Still, her popularity gave her some economic stability although her sessions, even until her final days, were paid for with voluntary donations. When she died in 1985, she left behind a controversial legacy. On the one hand, she’d left a compendium of wisdom and medicinal practices by sharing the customs of the Mazatec people with the rest of the world. At the same time, her story contains a lesson in reminding us of the ease with which the modern world consumes ancestral traditions, not always with due respect, but based on fashion, as if they were but one more product.

Among the peoples native to Mesoamerica, the healer or sorcerer is a character whose community function is essential. She communicates this world and that of the gods. As a result, she cures diseases (physical or spiritual), and predicts the future, and even endless possibilities. The figure of Maria Sabina, specifically, was not only a bridge of wisdom and mysticism within her community and between the world of divinity and that of humankind. She was also one of the key figures of recent decades in the world’s approach to the sacred practices of these peoples, a journey which still has many lessons to show us.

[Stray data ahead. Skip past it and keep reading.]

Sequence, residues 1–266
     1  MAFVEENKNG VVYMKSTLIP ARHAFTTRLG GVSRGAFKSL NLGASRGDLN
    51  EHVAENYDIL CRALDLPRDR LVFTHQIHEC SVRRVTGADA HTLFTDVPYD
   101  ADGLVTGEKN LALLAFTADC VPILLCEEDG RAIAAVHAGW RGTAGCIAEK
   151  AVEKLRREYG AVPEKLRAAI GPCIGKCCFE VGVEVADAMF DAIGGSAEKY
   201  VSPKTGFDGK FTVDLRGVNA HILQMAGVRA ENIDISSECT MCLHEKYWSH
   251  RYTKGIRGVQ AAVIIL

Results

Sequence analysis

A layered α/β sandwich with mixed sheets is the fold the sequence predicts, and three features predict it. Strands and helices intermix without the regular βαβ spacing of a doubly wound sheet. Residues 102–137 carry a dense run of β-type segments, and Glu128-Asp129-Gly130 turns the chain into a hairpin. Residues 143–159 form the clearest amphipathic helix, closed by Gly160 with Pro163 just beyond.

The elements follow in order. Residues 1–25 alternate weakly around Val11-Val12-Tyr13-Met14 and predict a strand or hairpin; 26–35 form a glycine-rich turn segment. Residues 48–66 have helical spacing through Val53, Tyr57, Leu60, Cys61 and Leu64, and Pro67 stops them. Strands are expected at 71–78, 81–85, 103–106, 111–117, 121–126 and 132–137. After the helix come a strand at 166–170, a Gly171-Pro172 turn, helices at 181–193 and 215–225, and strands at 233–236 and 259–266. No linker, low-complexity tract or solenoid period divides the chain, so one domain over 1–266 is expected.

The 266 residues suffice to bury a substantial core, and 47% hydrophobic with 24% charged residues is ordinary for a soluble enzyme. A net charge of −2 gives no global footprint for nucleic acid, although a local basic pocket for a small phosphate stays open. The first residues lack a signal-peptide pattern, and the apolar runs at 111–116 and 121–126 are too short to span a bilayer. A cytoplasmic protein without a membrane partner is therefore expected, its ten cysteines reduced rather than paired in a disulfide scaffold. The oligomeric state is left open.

Image: Alan Rockefeller – Creative Commons
 

Her full name was María Sabina Magdalena García. Known as the “priestess of mushrooms,” she was probably the most famous Mexican healer to have ever lived. Her history and reputation led her to serve as a bridge between the mystical and ritual worlds of her people, and the mystical exploration of the Western world.

Born into the Mazatec ethnic group in 1894, she came from a small town called Huautla de Jiménez, in the Sierra de Oaxaca, located in southern Mexico. Her father’s family had already included several shamans. From a very young age, contact with them brought her closer to the region’s traditional ceremonies, which included the intake of hallucinogenic mushrooms (know as “holy children”) as a method of contact with divinity. She first tried the mushrooms at the age of eight. It’s said that she intuitively developed a knowledge of the rituals and their healing power which, in her culture, was attributed to these mushrooms.